Wednesday, January 12, 2011

Food Storage Book Review: "It's in the Bag" by Michelle and Trent Snow and Coconut Pancake Recipe

There are lots of food storage cookbooks out there, and in the past few years a series of new ones have hit the market.  Over the next little while I will review these books so you can decide if they are for you or not.  

People always ask if I got sent the book or if I am getting paid to review it, and the answer is no.  I purchased the book and I am not getting paid to review it.  (although this book is sold by Shelf Reliance and if you want to buy a copy I would love to help you with that, e-mail me


This book teaches a convenient, system of food storage where you create bagged meals for your family.  In the bag you place all of the ingredients needed to cook the meal along with an attached recipe. This approach saves space, time and money. When you have completed several bags you’ll be able to simply grab a bag, follow an easy recipe, and enjoy a home cooked meal.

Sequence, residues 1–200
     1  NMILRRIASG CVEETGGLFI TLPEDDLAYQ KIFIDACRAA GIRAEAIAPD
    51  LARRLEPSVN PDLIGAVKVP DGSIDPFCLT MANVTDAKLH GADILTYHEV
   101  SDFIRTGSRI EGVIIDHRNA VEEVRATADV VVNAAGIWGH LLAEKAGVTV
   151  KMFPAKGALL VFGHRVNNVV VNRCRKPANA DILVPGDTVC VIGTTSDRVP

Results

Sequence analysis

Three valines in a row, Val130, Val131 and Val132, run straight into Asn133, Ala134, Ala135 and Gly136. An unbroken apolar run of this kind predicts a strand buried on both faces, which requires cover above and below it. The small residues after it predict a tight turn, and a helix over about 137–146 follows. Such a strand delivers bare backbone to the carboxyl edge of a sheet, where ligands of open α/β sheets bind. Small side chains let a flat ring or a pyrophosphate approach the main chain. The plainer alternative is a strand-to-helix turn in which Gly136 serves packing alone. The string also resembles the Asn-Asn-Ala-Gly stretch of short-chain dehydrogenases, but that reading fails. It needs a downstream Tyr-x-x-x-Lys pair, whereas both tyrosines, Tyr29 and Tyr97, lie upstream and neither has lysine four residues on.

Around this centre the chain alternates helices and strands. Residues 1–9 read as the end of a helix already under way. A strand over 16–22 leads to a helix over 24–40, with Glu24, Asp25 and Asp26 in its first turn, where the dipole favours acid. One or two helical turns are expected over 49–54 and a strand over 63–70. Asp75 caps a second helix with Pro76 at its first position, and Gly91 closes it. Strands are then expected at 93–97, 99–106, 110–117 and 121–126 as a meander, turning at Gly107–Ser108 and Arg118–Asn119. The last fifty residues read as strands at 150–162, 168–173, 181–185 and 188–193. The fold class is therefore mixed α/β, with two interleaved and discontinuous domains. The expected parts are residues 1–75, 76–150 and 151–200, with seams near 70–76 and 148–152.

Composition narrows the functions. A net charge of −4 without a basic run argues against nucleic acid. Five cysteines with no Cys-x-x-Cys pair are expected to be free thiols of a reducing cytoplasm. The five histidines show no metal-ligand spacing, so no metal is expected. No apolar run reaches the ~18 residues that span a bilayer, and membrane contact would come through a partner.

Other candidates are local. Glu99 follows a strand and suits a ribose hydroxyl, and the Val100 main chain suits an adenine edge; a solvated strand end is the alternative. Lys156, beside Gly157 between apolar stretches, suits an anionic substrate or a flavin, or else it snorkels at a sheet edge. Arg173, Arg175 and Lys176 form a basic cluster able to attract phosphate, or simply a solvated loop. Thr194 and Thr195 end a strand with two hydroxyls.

Contents of the book:
Section 1:  Bag Meals (How the system works, advantages to using baged meals,  and lots of recipes including a section on dinners and another on breakfast)
Section 2:  Cool Stuff (Home canning basics, Sprouting methods, chicken coops, and more recipes)
Section 3: The Nitty Gritty (weights and measures, common ingredient substitutions, food equivalencies, recipe index)

Our Experiance:  
I heard about this book last summer, at a family reunion my aunt brought some hands outs from and church activity she had been to. The activity focused was on this type of system.  I read through the hand outs and was very interested. Mostly because it was such a different take on food storage. I had already been making some of my own mixes, for things like muffins, cake, and bisquick.  But this book took the idea  a little bit farther.  So I got a copy ($14.84 plus shipping from Shelf Reliance) and tried it out.
What I like: